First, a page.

HC Deb 12 February 1947 vol 433 cc344-7
15. Mr. William Shepherd

asked the Parliamentary Secretary to the Ministry of Civil Aviation whether he intends to publish reports of air accidents involving British-operated planes; and how soon after any accident such reports may be expected.

18. Mr. Geoffrey Cooper

asked the Parliamentary Secretary to the Ministry of Civil Aviation if, in view of the recent accidents to civil aircraft, he will ensure a more speedy publication of the causes, compared with the six months' delay which occurred in publishing the accident report on the B.E.A. Dakota operating the Northolt—Oslo service on 7th August, 1946.

The Parliamentary Secretary to the Ministry of Civil Aviation (Mr. Lindgren)

Unless for security or other reasons publication would be contrary to the public interest, my noble Friend proposes to publish the complete reports. By reason of the nature of the investigations it is impossible to say how soon after any accident the reports may be expected, but it is my noble Friend's intention that publication shall take place as rapidly as possible.

The accident to the British European Airways Dakota at Oslo on 7th August, 1946, was investigated by the Norwegian Authorities under the provisions of the Provisional International Civil Aviation Organisation and was attended by an accredited representative from the United Kingdom. The preparation of the report was a matter for the Norwegian Government.

Mr. Shepherd

Is the Parliamentary Secretary able to assure the House that, save in the circumstances he has mentioned, all these inquiries will be held in public?

Mr. Lindgren

That is the intention of my noble Friend so far as aircraft on the registration of this country are concerned. In the case of aircraft on the registration of other countries, my noble Friend is required to consult with the Government concerned prior to making his decision, and he will do that.

Mr. Cooper

Is the Parliamentary Secretary aware that on the occasion referred to in Question 18, although the causes of the accident were known within a matter of only three days of the accident occurring, the essential notices to airmen were not published for two and a half months? Will he see that in the case of the present accidents such delay does not occur?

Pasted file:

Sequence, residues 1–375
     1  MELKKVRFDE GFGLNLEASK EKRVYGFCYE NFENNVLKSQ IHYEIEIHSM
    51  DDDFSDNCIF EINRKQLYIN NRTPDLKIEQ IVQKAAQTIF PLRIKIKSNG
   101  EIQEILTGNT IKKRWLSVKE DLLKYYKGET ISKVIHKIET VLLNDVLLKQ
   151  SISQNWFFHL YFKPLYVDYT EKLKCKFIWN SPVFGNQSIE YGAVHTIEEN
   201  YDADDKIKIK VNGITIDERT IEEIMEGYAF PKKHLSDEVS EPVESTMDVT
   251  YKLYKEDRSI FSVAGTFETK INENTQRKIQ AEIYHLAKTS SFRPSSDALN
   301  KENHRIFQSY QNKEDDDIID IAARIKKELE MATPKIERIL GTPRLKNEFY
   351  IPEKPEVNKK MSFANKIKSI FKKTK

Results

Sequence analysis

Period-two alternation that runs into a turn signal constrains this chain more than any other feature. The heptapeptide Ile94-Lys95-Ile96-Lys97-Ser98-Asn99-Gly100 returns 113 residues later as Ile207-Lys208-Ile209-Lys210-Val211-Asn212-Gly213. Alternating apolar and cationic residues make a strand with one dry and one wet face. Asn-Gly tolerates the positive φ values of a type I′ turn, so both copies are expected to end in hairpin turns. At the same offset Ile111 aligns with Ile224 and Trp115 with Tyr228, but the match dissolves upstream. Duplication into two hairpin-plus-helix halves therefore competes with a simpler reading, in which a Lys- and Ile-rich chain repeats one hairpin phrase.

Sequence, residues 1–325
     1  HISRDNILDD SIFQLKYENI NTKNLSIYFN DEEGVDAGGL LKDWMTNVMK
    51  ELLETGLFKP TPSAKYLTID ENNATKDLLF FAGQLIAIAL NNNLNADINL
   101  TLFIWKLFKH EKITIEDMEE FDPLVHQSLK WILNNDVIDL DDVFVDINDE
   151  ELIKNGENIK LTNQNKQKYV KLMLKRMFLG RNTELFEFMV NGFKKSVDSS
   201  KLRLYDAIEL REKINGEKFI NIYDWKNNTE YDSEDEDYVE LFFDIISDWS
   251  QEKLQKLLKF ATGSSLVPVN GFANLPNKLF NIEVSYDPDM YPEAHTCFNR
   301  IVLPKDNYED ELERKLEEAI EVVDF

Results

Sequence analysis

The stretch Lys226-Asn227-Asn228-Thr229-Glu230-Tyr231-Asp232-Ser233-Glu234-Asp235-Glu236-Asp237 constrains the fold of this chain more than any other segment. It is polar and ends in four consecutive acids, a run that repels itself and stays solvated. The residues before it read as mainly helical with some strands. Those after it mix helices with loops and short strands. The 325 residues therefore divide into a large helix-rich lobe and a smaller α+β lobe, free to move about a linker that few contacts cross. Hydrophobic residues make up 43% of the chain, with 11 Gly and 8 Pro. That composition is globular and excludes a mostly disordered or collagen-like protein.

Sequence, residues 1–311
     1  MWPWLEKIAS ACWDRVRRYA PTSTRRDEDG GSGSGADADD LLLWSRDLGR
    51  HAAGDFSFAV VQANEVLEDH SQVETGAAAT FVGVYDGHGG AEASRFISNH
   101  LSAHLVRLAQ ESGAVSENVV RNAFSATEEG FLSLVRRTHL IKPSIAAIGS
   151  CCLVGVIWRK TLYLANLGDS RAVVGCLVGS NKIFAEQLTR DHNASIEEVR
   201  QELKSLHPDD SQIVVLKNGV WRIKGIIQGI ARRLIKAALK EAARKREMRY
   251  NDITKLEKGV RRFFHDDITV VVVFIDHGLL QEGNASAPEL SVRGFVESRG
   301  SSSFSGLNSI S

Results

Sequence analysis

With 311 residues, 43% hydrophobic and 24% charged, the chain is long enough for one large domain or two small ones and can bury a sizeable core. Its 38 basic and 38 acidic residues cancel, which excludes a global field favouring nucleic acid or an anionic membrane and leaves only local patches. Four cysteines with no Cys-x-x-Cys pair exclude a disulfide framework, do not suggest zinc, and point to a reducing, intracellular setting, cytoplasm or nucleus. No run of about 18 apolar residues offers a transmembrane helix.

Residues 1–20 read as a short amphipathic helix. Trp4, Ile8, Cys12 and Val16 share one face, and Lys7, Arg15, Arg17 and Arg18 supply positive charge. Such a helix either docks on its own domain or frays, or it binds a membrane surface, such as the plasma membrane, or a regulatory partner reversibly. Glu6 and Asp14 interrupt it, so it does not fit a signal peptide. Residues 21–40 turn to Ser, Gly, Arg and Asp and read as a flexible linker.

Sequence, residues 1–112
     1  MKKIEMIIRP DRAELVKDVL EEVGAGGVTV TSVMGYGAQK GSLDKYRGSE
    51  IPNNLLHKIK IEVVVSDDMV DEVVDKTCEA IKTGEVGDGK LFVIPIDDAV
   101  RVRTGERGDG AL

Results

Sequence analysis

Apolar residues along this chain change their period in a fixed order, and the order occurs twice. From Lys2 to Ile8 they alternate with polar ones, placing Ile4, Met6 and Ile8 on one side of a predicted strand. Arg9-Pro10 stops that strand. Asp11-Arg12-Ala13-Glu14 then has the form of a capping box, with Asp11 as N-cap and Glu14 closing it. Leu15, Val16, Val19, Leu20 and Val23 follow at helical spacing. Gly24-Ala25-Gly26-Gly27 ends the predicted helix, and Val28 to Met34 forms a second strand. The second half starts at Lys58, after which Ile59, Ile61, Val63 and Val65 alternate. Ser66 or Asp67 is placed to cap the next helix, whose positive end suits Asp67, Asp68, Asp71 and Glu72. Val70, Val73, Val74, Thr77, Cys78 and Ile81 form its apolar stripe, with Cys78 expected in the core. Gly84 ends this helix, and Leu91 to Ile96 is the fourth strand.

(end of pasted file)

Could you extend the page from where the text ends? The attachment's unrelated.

Mr. Lindgren

So far as is humanly possible, yes, Sir.

Mr. Lennox-Boyd

Can the Parliamentary Secretary assure us also that future British inquiries will be judicial inquiries under legal chairmen with evidence taken on oath?

Mr. Lindgren

I cannot give that assurance.

Hon. Members

Why not?

Mr. George Ward

Is the Parliamentary Secretary aware that the result of the investigation into the crash of a York aircraft at Bathurst in August last year has not yet been made public and can he say when the result of that investigation is to be made known?

Mr. Lindgren

A report has been made by the inspector to my noble Friend and it is with him now. As soon as possible it will be published.

17. Mr. Peter Freeman

asked the Parliamentary Secretary to the Ministry of Civil Aviation how many air crashes have occurred in this country during the past year; how many people have been killed and how many injured; what proportion each represents of the total number carried; and what further steps he proposes to take to prevent further accidents.

Mr. Lindgren

As the reply to the first three parts of the Question contains a number of figures, I will with permission circulate it in the OFFICIAL REPORT.

As regards the last part of the Question, my noble Friend has established the Air Safety Board to advise him from the highest technical level on all matters of safety. As I informed the hon. Member for Eye (Mr. Granville) on 4th February, the latest safety devices have been or are being adopted as equipment becomes available.

Mr. Freeman

Can my hon. Friend say whether any single factor, either mechanical or technical, operated in more than one case to cause these disasters?

Mr. Lindgren

That is an entirely different question.

Mr. Lennox-Boyd

Would not these figures, when published, show that British aviation is still far and away the safest in the world?

Mr. Lindgren

I am in entire agreement with that, Sir.

Mr. Rankin

In supplying the information, will my hon. Friend keep before him the fact that the third part of the Question lends itself to two interpretations, and would he say "what propor- tion each represents of the total number carried" by the planes involved? Will he keep in mind that point?

Mr. John Lewis

In view of the fact that, apart from crashes due to bad visibility, a large number of accidents have occurred in taking off when one engine failed in a two-engined aircraft, will my hon. Friend consult with his noble Friend to ensure that aircraft carrying civilian personnel are so designed that, if one

Number of Accidents. Passenger Casualties. Passengers carried (3) Percentage Deaths.
Notifiable. Fatal. Killed. Injured.
Foreign aircraft 2 1 11 1 N.A. N.A.
Corporation aircraft 1 1 4 7 N.A. N.A.
Other United Kingdom aircraft:
On regular services(1) 3 2 9 260,000 .0035
Other (2) 11 3 3 N.A. N.A.
Total, United Kingdom aircraft. 15 6 13 10 N.A. N.A.
N.A. = Not available.

(i) Internal services for which British European Airways Corporation took responsibility on Est February, 1947.

(2) Including Charter, miscellaneous commercial, test and private flying.

(3) Approximately 440,000 passengers were carried on the United Kingdom stage of overseas flights. Separate statistics for Corporation, Charter and foreign aircraft are not available. Of these passengers, one m 29,000 or.0034 per cent. were killed.